Conclusion

A study by Light, Buckingham & Robbins (1979) involved 2 groups of 6 year olds. The first group were shown some pasta shells poured from the first breaker to a wider one and 95 per cent of the children confirmed Piaget's finding as being non-conservers. The second group of children were told that the shells were to be used in a game and the reason for the transference of shells was a chip on the rim of the first beaker. This time only 30 per cent of the children gave non-conserving answers. It would seem that the task must make human sense to the child, not just to the investigator. Even though Donaldson's approach highlights the way in which Piaget underestimated children's abilities, it made no criticism of the theoretical framework. The lasting aspects of Piaget's admirable body of work include the concept of a progression through developmental stages. There is a general agreement that the changes involved in the progression are of a qualitative nature, and, as Piaget explained, they come about as a result of constructive activity. Developmental psychology will continue to evolve, grateful for the solid foundation created by Piaget. Piaget & Donaldson Linda Healy Page 1 ...read more.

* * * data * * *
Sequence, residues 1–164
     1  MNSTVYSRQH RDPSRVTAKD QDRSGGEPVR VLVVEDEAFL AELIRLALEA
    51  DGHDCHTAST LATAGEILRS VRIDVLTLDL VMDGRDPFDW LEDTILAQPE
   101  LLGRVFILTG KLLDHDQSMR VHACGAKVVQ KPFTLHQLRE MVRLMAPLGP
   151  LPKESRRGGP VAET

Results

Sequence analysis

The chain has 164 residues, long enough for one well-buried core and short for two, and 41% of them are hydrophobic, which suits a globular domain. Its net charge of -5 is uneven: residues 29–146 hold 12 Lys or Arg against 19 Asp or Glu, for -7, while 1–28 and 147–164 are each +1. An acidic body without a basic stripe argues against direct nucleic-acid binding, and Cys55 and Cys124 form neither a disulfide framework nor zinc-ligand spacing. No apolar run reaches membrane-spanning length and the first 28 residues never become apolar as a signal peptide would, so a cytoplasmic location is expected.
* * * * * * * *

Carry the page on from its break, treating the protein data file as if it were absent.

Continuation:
The above preview is unformatted text

This student written piece of work is one of many that can be found in our AS and A Level Developmental Psychology section.

Found what you're looking for?

  • Start learning 29% faster today
  • 150,000+ documents available
  • Just £6.99 a month

Not the one? Search for your essay title...
  • Join over 1.2 million students every month
  • Accelerate your learning by 29%
  • Unlimited access from just £6.99 per month

See related essaysSee related essays

Related AS and A Level Developmental Psychology essays

  1. What is distinctive about the Person-Centred Approach to counselling? Describe how you have put ...

    As infants we start recognising the need for safety, and will become interested in finding safe circumstances, stability and protection. From a negative point of view, it could manifests itself in adults, as our fears and anxieties of creating a comfortable home in a safe neighbourhood, to secure a good job, pension or retirement plan, and insurance.

  2. counselling stages of attachement

    The work was also objective and value free. This all makes the learning theory of attachment high in reliability. * The theory makes common sense and emphasises on the relationship of food as a reinforcer for attachment. Weaknesses - * The person to whom an infant is attached is not always the person who feeds them.

  1. MENTORSHIP ASSESSING